“To see newborn babies waiting in cribs for their parents to pick them up because they are not here was too hard. I don’t want to look at that,” she says via phone from Cormeilles, a small town in Normandy.
She flew from Brisbane, Australia, to France, where she has family, trying to get to Kiev in time. But everything happened too quickly: Ukraine closed its borders. Her days are filled with phone calls, texts, and emails, strategizing ways to make it to Ukraine in time for the birth. “I am trying to reach out to French embassies, the Ukrainian embassy in France, the French government, other French intended parents, so that we can build a case, and find out what we have to do. So that we can get authorized to get to Kiev,” she says.
In the time of coronavirus, dozens of families are in the same predicament, says fertility lawyer Natalie Gamble at NGA Law. As coronavirus began to spread, she told Marie Claire: “In a few weeks there might be children born whose parents won’t be able to get to Ukraine because of the travel restrictions.”
Arina has been staying in touch with Parkinson, telling her she needs help, that she needs help giving birth and can’t do it alone. The two women text daily via Viber. Lotus allows contact between surrogates and parents, though many agencies do not. “Everybody is very scared. The uncertainty is very hard for our emotional state,” says Parkinson. “We are trying to avoid the baby to be looked after by a nanny for a few weeks or months.”
Though BioTexCom paints a rosy picture, many surrogacy agencies have dubious reputations in the country, says Sergii Antonov, the director and founder of the Center for Medical and Reproductive Law Center in Kiev. While a number of agencies do operate under fair conditions for both mothers and surrogates, some, like BioTexCom, for example, are involved in a number of scandals, he adds. It is one of the most notorious surrogacy agencies. In an interview posted to BioTexCom’s website, the owner, Albert Tochilovsky, even admitted that he has been “accused of trafficking thousands of Ukrainian babies abroad.” (Tochilovsky says “the children have a genetic kinship with their foreign parents.”)
“There isn’t that kind of external regulation to make sure that things are being done properly,” exacerbating an already rickety process in times of uncertainty, like a global pandemic, suggests Gamble. Additionally, there are no Ukrainian laws protecting the rights of a surrogate, Antonov says, only the contract. “The contracts do not always ensure the balance of interests of all participants,” he says.
Like Arina, Olena, who would not provide her last name, came to Kiev two months before her due date, as recommended by BioTexCom. She gave birth in March. As of our interview in April, the Spanish couple she carried the baby for have not been able to meet their child. With the parents’ arrival uncertain, a nanny with BioTexCom has been taking care of the baby.
When we last spoke with Olena, she had not yet been paid. The 34-year-old has chosen to stay in Kiev, more than a hundred miles from her family, paying for an apartment out of her own pocket, waiting for her payment and to sign documents to signal the end of the process. Olena, connected to Marie Claire through BioTexCom, did not voice any worries about when she might receive payment, saying, "I completely trust the clinic, and if they said it will be this way, it will be this way.”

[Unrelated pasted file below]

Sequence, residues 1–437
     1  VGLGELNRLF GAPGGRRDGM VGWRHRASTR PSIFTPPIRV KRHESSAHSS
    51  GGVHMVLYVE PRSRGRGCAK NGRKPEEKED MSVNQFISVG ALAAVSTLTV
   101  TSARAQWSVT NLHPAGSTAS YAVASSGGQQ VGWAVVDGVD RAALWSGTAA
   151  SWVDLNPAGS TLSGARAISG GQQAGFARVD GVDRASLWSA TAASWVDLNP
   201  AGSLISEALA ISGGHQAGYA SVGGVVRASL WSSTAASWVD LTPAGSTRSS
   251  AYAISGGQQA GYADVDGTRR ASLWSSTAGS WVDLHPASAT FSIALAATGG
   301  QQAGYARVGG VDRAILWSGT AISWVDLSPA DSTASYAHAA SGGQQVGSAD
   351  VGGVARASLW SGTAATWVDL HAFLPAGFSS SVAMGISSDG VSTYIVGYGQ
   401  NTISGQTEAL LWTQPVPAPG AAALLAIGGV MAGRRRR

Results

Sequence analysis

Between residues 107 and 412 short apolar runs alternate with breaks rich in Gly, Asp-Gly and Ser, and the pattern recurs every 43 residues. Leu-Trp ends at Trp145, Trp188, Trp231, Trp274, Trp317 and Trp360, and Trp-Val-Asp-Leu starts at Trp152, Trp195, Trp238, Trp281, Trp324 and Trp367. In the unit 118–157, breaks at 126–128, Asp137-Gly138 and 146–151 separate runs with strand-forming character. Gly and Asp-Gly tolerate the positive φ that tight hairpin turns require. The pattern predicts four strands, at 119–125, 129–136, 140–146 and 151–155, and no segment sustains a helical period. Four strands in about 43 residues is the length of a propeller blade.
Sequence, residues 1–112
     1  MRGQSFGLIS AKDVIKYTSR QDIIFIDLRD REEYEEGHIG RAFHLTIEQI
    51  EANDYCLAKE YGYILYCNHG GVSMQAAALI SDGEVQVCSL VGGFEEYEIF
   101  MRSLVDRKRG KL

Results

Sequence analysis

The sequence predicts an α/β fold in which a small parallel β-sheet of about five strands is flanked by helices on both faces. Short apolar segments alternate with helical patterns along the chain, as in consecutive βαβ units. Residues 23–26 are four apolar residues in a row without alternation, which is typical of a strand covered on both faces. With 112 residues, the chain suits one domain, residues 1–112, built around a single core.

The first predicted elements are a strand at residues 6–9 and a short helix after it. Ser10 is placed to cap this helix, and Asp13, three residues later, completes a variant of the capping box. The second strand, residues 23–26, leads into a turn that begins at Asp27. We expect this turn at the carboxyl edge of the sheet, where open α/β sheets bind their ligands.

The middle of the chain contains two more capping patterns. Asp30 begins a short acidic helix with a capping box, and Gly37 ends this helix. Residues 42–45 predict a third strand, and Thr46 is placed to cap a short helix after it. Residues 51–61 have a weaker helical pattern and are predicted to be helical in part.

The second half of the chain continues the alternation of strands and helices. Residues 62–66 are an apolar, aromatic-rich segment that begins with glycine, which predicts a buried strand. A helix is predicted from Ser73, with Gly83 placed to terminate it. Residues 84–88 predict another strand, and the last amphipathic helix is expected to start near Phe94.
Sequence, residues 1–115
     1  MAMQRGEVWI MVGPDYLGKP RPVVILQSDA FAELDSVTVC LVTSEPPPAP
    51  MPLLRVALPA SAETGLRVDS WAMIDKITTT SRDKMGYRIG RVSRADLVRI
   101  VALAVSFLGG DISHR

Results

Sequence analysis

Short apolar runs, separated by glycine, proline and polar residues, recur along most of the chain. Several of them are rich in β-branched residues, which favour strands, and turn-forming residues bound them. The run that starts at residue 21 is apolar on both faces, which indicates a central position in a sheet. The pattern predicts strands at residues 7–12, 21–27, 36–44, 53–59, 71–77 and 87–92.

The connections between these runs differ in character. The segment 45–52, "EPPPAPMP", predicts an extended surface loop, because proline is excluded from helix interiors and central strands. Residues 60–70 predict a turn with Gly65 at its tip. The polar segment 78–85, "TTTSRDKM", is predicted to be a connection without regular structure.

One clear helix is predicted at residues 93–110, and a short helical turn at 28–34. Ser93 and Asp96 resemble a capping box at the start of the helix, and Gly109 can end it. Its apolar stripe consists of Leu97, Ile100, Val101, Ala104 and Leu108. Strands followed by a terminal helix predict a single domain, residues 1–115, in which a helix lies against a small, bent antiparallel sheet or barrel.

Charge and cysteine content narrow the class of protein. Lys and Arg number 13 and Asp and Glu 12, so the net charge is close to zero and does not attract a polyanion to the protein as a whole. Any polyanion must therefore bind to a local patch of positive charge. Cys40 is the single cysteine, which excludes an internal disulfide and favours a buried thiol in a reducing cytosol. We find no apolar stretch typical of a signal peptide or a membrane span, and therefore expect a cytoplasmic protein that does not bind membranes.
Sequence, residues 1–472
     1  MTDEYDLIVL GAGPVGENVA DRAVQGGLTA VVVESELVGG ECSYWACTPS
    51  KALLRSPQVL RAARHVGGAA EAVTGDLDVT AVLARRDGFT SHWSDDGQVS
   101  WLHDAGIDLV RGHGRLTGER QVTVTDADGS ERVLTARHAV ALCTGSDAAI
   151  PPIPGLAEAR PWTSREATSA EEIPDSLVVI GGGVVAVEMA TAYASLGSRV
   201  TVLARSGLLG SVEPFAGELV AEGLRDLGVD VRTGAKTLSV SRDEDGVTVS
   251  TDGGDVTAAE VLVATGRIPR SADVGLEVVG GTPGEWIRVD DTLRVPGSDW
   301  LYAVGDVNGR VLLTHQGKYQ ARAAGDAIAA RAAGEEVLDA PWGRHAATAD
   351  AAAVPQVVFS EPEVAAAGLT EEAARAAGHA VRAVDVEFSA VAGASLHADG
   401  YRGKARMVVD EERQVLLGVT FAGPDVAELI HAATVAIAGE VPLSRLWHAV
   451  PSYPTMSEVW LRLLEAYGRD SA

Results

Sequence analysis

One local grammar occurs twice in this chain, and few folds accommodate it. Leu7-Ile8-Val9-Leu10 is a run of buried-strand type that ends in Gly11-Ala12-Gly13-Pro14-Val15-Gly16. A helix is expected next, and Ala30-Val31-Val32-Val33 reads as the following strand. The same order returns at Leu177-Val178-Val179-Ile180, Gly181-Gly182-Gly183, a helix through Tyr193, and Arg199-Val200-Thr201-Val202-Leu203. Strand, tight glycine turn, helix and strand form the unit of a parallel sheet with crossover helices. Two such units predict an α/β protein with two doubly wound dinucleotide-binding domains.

Another Spanish couple, Gema García, 45, and José Antonio Sánchez, 39, made it into Ukraine for their child’s birth a week before the borders closed.
Garcia tried for seven years to get pregnant, once giving birth prematurely at 20 weeks to a baby who did not survive. Adoption is complicated, her partner adds in; surrogacy seemed the best option. They began the process in 2018 with a company called SurroBaby. Neither one could have imagined that two years later, they would be sitting in a rented apartment in Kiev with a new baby, afraid to leave their temporary home.
“We are in a foreign country, we don’t speak the language,” says Garcia. “This is a worldwide health crisis. We cannot leave the home here in Kiev. We are afraid that something will happen to us or to our daughter.”
Recent changes to surrogacy laws in Spain have made the process even more challenging. Parents must obtain Ukrainian citizenship for newborns before returning to Spain, says Sanchez. As he spoke, he turned the phone camera to show a baby girl sleeping in her crib next to him.
Two months after their daughter’s birth, after they were told passport service centers were working in a limited mode and that the new parents would not be able to obtain a passport for their child, the couple finally received the document and returned to Spain in early May. “We [were] counting the seconds until we [could] go home with our daughter,” the relieved father says.
Only a few weeks before Arina’s due date, the surrogate worries how pandemic protocols will impact her birth plan and what comes next. During her last pregnancy, the hardest part of her final weeks was the challenge of rolling out of bed with her expanding belly. With this pregnancy, coronavirus has left her in a constant state of distress but not all of it is for herself.
“I don’t want him to stay in the maternity clinic alone for a long time,” Arina says. After all, she’s only human, she adds. “I worry about the baby because it’s not his fault.”
*Name has been changed to protect subject's privacy.
Daniela Prugger and Oksana Parafeniuk are contributing reporters based in Kiev, Ukraine, with The Fuller Project, a nonprofit journalism organization that reports on global issues impacting women. Khushbu Shah also contributed to this piece.